Taxpayers will be ultimate losers over filibustering

PUBLISHED : Sunday, 25 May, 2014, 4:29am
UPDATED : Sunday, 25 May, 2014, 4:29am

Over the course of three straight weeks, the headlines of Financial Secretary John Tsang Chun-wah's weekly blog went from "Together we achieve universal suffrage" to "Get off", clearly demonstrating his mounting discontent and frustration at the endless filibustering at Legco meetings.

Tsang had warned that the filibustering over the budget bill could result in financial crisis and drag the government into an endless black hole.

We know filibustering is an unorthodox way in parliamentary politics to block discussion by use of delaying tactics. But we also know there is no such thing as a free lunch. So the question is who is footing the bill?

Looking at the use of the tactic worldwide, it is easy to conclude that more often than not, the winners are politicians, not society. Therefore any responsible politicians would only use filibustering as a last resort.

Unfortunately it is a different story in Hong Kong. Since the handover, there have been several cases of filibustering.

The first instance occurred in 1999, when the government decided to abolish the urban council. Ten years later, lawmakers again used the tactic in an attempt to block funding for the construction of the high-speed rail link to Guangzhou.

The practice has continued in the last two years over the budget, development of the northeast New Territories and the so-called "three-plus-one" landfill extensions and incinerator proposal.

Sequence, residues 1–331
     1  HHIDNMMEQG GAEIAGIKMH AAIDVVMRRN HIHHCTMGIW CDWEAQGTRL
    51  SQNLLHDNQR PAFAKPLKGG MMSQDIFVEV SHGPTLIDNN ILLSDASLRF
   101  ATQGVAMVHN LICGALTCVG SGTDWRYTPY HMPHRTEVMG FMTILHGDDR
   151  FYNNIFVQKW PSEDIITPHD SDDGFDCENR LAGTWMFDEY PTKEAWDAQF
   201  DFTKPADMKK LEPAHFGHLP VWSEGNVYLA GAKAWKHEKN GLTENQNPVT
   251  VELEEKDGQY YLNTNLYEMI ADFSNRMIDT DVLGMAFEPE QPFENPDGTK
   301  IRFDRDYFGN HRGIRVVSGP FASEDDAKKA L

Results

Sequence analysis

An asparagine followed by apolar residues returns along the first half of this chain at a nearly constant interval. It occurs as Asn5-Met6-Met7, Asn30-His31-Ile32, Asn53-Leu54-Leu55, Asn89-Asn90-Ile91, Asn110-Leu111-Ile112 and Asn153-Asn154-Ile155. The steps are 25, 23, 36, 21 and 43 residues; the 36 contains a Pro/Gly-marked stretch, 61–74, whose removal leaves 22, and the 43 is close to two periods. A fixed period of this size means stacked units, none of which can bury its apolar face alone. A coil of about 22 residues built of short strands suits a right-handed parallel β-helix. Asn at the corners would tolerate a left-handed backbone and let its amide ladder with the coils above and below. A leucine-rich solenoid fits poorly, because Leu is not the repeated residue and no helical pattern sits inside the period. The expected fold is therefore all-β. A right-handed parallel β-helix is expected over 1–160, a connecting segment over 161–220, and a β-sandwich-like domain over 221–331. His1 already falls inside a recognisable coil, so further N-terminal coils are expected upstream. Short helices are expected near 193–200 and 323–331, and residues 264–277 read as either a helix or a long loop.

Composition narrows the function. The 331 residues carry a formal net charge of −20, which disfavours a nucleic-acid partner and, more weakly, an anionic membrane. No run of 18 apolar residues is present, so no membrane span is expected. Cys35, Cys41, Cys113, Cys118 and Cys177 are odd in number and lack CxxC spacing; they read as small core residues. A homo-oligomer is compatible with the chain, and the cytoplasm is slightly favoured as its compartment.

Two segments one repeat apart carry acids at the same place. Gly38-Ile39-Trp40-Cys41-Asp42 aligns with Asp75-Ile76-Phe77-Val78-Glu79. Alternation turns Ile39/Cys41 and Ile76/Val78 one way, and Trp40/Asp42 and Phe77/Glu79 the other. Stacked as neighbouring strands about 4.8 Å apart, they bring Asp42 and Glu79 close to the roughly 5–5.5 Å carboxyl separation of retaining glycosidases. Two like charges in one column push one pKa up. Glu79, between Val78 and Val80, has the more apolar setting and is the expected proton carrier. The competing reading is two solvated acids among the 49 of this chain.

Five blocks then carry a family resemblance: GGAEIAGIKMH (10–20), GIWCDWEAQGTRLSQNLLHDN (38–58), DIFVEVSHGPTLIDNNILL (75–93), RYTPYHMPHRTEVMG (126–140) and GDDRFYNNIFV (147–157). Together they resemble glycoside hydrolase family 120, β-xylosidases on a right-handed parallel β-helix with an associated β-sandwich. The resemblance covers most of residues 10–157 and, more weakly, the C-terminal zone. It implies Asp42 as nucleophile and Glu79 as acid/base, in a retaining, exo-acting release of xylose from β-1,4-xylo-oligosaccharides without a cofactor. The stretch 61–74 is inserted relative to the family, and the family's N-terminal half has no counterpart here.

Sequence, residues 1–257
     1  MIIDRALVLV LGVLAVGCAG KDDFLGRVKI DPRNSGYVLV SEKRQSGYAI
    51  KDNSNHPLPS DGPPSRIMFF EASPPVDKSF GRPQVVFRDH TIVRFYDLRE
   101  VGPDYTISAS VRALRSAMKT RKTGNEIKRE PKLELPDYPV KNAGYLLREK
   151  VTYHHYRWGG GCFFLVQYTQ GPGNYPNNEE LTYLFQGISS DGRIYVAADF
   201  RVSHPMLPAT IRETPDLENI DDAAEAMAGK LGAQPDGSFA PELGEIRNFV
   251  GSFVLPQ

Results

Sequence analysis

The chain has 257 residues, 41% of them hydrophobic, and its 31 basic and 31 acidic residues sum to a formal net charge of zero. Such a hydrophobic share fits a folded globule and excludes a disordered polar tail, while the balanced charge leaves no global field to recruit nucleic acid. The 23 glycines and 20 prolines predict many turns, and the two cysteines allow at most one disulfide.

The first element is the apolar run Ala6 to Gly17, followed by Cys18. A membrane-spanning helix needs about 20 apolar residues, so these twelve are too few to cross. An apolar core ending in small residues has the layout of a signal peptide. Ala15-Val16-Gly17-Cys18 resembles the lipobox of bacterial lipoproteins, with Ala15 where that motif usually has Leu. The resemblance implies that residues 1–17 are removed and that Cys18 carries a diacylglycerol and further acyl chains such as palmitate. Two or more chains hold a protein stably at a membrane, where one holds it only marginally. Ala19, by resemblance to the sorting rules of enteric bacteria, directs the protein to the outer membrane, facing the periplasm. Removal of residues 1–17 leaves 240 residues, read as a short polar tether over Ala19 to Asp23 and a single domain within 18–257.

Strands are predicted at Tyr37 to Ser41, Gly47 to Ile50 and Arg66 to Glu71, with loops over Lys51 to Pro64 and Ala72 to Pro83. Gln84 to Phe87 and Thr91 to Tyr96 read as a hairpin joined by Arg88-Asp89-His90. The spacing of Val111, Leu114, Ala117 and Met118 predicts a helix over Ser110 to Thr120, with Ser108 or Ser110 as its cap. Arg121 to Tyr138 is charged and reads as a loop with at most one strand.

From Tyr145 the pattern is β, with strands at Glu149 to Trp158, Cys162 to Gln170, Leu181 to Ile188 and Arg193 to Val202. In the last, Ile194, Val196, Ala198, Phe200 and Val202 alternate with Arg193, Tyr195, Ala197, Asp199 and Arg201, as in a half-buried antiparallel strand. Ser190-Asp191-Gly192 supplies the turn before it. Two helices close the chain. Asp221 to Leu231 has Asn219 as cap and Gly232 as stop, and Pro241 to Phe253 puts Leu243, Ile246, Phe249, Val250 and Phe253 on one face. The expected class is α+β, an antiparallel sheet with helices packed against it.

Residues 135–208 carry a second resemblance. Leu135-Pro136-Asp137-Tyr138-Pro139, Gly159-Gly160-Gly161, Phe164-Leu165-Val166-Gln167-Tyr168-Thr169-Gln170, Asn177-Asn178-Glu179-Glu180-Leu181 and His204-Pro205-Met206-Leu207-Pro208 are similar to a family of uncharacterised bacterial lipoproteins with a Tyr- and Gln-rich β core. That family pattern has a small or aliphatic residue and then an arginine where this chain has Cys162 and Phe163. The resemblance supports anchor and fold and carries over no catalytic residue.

Apparently the battlefield now extends to infrastructure and even old age allowances .

How can we justify the behaviour of a handful of legislators who hijack and upset the normal order year after year?

Legislators who do not want to waste their time and energy in this way should explain why they are sitting there doing nothing to end the filibustering.

The financial secretary among others has already stated clearly the damage of filibustering to the administration, policy implementation, treasury expenditure, social construction and welfare.

The crisis is imminent and ultimately we will all be victims. All extra costs will be paid by taxpayers in the end.

If we do not want to see Hong Kong getting stuck, we should say no to the filibusters. This is our most basic right as voters and taxpayers.

Dr Eugene Chan, chairman, the Association of Hong Kong Professionals